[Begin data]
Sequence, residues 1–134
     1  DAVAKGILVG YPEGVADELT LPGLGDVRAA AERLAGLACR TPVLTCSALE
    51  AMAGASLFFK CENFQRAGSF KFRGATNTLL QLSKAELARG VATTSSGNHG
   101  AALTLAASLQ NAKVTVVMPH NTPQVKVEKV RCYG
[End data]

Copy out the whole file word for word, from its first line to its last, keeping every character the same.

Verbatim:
Sequence, residues 1–134
     1  DAVAKGILVG YPEGVADELT LPGLGDVRAA AERLAGLACR TPVLTCSALE
    51  AMAGASLFFK CENFQRAGSF KFRGATNTLL QLSKAELARG VATTSSGNHG
   101  AALTLAASLQ NAKVTVVMPH NTPQVKVEKV RCYG